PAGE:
The case for expanding Alberta’s charter schools

Garnett Genuis
September 23, 2013
Unambiguous Success Held Back in Spite of the Evidence

The case for expanding Alberta’s charter schools

Garnett Genuis
September 23, 2013
Unambiguous Success Held Back in Spite of the Evidence
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This past month, as over 600,000 Albertan school children returned to school, around 8,500 mostly Calgarian students were enrolled in charter schools. The latter number has increased little over the past several years, at a time when more and more countries around the world are seeing the benefits of such schools.

The basic concept is that the schools are publicly funded but operate independent of local school boards. They are able to take on a character defined in their charter that caters to children desiring a certain educational style.

Albertan charter schools specialise in music, serving gifted children, science, First Nations education, and single sex education, among other missions. Aside from their special character, these schools have additional flexibility in their staffing, how they use their funding, management, and curriculum.

The evidence that these schools are successful is becoming conclusive.  After reporting mixed results for U.S. Charter schools in 2009, Stanford University’s Center for Research on Educational Outcomes (CREDO) issued an update of their extensive studies, finding that “charter schools now advance the learning gains of their students more than traditional public schools in reading. [In math] learning gains are now similar to those of students in traditional public schools.”

Eric Hanushek, also from Stanford, recently published a study taking in test results of over one million students from 42 countries and found that in developed countries schools with better autonomy achieve better results for their students.

Here in Alberta, a study of scores in grades three, six, and nine published last month by the C.D. Howe Institute found a strong Charter School advantage, “The gap between charter schools and all other schools is large and consistent across all three grades …even with controls for observed student background, [it] would seem to merit further investigation.”

But other countries are already taking such cues and offering the charter choice to more children.  In the U.S., 41 States now have charter school legislation and the number of students attending the schools has risen 80 per cent to 2.3 million over four years.

British Education Secretary Michael Gove is pulling no punches as he converts more than half of the country’s schools to charter style Academies. When criticised by members of the education ‘establishment’ he responds, “there are still a tiny minority of teachers who see themselves as part of The Blob and have enlisted as Enemies Of Promise.”

In Sweden research shows that children do better and teachers are happier at Free Schools, which were first allowed in 1992 and nearly one-in-six students now attend. Even tiny New Zealand is getting in on the act. The first Partnership Schools, as their version is called, will open this February.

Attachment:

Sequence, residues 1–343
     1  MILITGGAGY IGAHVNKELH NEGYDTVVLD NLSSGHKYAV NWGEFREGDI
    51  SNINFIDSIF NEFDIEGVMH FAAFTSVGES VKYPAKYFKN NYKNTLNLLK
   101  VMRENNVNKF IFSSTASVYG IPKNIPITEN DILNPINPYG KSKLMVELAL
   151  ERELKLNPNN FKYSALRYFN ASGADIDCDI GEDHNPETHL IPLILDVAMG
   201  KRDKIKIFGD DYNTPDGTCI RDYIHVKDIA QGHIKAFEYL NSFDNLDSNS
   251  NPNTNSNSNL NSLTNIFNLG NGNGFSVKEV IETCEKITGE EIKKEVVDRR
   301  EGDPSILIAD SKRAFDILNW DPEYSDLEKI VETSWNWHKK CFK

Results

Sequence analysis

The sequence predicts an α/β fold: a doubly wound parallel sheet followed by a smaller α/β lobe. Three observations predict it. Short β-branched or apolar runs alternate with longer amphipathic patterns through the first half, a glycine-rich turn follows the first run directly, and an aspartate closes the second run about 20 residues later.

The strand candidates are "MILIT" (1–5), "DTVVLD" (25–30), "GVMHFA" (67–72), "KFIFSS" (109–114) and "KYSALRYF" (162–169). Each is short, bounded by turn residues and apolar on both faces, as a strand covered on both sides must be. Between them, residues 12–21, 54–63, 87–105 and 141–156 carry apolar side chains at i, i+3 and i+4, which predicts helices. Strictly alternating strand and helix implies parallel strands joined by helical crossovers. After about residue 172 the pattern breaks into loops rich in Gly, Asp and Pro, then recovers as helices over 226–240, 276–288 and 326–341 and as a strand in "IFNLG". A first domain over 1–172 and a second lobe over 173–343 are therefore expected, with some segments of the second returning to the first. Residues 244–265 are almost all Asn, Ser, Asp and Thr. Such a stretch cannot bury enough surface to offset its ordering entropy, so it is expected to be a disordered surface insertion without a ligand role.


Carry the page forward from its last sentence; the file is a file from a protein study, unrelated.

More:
Alberta’s approach to educational choice is starting to look like Japan’s economy did in the 1990s. Once formidable and still amongst the leaders, but worryingly stagnant. The number of charter schools remains miniscule in the context of the wider education system, as does the number of children attending them.

Why does Alberta, generally known for its ethos of school choice, lag this global trend in spite of international and local evidence that more charter schools would improve children’s performance?

It can’t be that there is no demand; existing schools have very long waiting lists, reportedly 7,000 long in one case. The problem is one of supply, and specifically the process for opening the schools and attaining buildings to house them.

In order to start a charter school, the would-be operators must approach the local school board with their business plan, and ask the school board to achieve the same objectives. The school board can choose to take the ideas for itself, or reject them out of hand. As one commentator has put it, it would be like GM giving Ford its blueprints and only being given permission to build the new design if Ford didn’t want to appropriate them.

Then there is the supply of buildings, which is again at the behest of the local school board. Not only does GM have to submit its plans to Ford, but ask it for factory space. For these reasons, new and expanding charter schools are rarer than hot Februaries in Saskatchewan. These constraints have kept Charter Schools as bit players in spite of mounting local and international evidence, but more importantly parental preferences. It is high time the provincial government eased restrictions on Charter Schools and put parents back in the drivers’ seat.

~

Garnett Genuis is the Executive Director of Parents for Choice in Education. He is a long-time political activist who has been a Parliament Hill and Prime Minister’s Office Staffer, the coordinator of a political training program through the Canadian Centre for Policy Studies, an editor at an internet news company, and a candidate for provincial public office. Before joining PCE, he was the Executive Director of Responsible Electricity Transmission for Albertans. In his day job, Garnett is the Vice-President of Abingdon Research.

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